And then I show up and I'm
an editor, so then they get excited. Right.
I do a lot of events and I
do things like this, interviews with you.
And that also helps get me a lot of business.
But believe it or not, that postcard I was talking
about, I have gotten more business off that postcard.
And it was an $80 investment.
And it's paper, right?
It's on paper, yeah. There you go.
Who knew that the postcard was the
best SEO investment you could make?
It really is.
But mostly I tell my clients that they should
be in as many different avenues as possible, and
I try to live that same philosophy.
So I do social media and I do have an Internet
presence, and I do a blog and I do videos and
I go to events and I have my printed materials.
That's pretty much how I get my business.
But I think that's a lot. I know.
Again, not that I've seen every single website, but a
lot of editors, if you don't have a website, I
don't think you have any kind of credibility at all.
Everyone has a website, but not a lot.
There's a real variance in how much people
just put it there with their rates and
what I do and that sort of thing.
But there's a lot of variation in whether
people add a video or have a blog
or have a podcast or have a whatever.
There's a huge amount of area from zero to 100. Right.
I do know what you're talking about.
I've seen those from those that are 100% on
the extreme good end and 100% on the extreme.
I'm not giving out any information.
I've also seen ones, you know, that
they don't use editing lingo that
a client is not going to understand.
And I always feel sorry for those because you have
to write it for someone who doesn't know anything about
editing and tell them about it or at least define
your terminology they teach you in journalism school.
Do not use jargon.
Do not use acronyms.
Do not use anything that will confuse your reader.
No clear, simple, lean.
That's a good practice.
And the other thing I want to ask you, and I'm
not sure if I've ever asked any, I've interviewed several editors
on this podcast, but in all the stuff that you do,
what are the kinds of in people's writing?
What are the kinds of mistakes or
bad tendencies that you frequently see?
Well, the biggest one that I see is flow.
Is what? Flow.
Flow is supposed to flow like a river from
chapter to chapter till you get to the end. Right.
A lot of times, especially with the nonfiction
books that I edit, there's no flow.
And I have to explain to them
why they need to have that flow.
A second thing that always comes up is Microsoft
spell checker says something is spelled correctly and it's
actually misspelled because the person who programmed the spell
checker didn't know how to spell it.
So then I have to explain to them
why I'm correct and the computer is incorrect.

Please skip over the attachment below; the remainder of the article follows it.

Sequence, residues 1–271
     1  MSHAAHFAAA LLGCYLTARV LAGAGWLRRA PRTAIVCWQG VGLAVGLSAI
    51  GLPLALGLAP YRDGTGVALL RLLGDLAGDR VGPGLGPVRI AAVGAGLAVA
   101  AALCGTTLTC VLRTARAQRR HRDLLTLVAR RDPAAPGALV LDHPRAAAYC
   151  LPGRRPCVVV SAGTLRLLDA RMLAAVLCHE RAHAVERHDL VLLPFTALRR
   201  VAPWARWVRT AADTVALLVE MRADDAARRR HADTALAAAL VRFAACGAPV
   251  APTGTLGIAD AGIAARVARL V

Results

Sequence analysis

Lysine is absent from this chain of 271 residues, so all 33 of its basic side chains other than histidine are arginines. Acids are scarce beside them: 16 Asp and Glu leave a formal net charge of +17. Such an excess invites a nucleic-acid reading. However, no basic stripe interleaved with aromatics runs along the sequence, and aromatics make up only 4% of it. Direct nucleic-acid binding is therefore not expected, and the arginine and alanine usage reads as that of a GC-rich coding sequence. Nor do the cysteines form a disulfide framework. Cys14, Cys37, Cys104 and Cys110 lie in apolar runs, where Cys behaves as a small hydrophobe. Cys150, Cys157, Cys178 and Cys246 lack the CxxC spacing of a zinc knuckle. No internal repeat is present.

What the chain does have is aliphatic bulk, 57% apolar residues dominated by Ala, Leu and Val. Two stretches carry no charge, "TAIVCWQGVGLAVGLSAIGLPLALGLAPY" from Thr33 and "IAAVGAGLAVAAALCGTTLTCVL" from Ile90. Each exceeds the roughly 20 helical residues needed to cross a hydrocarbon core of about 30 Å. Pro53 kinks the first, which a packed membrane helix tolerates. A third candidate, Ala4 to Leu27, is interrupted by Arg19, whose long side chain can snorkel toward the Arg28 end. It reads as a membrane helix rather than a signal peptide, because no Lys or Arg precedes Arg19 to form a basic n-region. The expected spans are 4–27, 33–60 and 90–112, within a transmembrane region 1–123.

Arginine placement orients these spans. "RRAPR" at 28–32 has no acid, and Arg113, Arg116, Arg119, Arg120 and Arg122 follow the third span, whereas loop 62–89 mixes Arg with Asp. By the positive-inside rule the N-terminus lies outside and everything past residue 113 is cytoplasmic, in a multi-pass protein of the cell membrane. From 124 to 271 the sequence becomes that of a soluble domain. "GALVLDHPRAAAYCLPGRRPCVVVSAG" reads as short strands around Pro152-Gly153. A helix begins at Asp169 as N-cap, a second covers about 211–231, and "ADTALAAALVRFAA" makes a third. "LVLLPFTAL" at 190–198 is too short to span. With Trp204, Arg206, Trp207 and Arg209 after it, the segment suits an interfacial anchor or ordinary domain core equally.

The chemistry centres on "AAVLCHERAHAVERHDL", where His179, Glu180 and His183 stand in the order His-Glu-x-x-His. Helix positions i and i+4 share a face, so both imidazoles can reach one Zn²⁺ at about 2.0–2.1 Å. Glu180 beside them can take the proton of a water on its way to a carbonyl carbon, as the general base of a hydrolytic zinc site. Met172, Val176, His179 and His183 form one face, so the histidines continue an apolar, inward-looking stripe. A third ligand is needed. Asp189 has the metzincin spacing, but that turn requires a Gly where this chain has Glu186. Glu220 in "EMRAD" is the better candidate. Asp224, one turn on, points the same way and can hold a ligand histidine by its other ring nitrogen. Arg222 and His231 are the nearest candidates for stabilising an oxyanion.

But I think the authors also make assumptions that
readers are going to know things when they don't.
And I have to take them back a step and say, okay,
I don't think your readers got to think this is a person
who has not had any experience with this topic at all, and
they're not going to know what you're talking about.
And that goes back to the jargon issue because just
like writers, anybody else will have a jargon in their
industry and they tend to use their jargon.
And I think the biggest one that I come across a
lot is authors who don't want me to cut something.
I don't think it's necessary and it slows down
the story or it slows down the topic and
they don't want me to cut it because it's
their baby and words matter to them.
So I think that's the area I
have the hardest time with authors.
I bet you know it, but please say it.
Please say the phrase for what
editors use for that tendency.
You already mentioned the word babies, but do you
know know what the phrase is?
Throw the baby out with the bathwater.
No, it's kill your babies.
And the idea has nothing to do with abortion.
It has to do with exactly.
People get attached.
A writer gets attached to a certain paragraph or a
chapter for whatever reason, and yeah, they resist cutting it
because it took a lot of time or whatever.
But you as an editor can objectively see that it
doesn't fit, it's poorly written or whatever it might be.
You have to kill that baby.
It's a very gruesome term, but
that's the term that writers use.
You have to kill your baby.
I have heard that.
After you said it, I have heard it, yeah.
I've had that with some of the clients I've
worked with where I've had to have not a
disagreement in a negative sense, but you have a
different view of something than they do.
And of course it's always their call in the end.
And if I think it's important enough,